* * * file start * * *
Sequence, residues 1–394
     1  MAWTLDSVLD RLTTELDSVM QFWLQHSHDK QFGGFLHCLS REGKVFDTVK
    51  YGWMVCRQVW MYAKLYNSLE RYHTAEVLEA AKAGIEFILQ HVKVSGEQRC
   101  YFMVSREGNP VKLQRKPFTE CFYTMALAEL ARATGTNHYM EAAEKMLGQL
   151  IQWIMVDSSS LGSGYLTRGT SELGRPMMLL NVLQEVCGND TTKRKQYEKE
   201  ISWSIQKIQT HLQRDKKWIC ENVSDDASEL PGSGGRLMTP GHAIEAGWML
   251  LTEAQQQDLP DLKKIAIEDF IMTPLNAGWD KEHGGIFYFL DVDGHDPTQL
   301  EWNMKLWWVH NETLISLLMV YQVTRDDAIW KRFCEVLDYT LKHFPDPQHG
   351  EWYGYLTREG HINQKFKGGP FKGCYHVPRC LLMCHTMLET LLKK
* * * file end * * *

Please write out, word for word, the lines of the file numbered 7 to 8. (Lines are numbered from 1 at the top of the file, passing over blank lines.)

   251  LTEAQQQDLP DLKKIAIEDF IMTPLNAGWD KEHGGIFYFL DVDGHDPTQL
   301  EWNMKLWWVH NETLISLLMV YQVTRDDAIW KRFCEVLDYT LKHFPDPQHG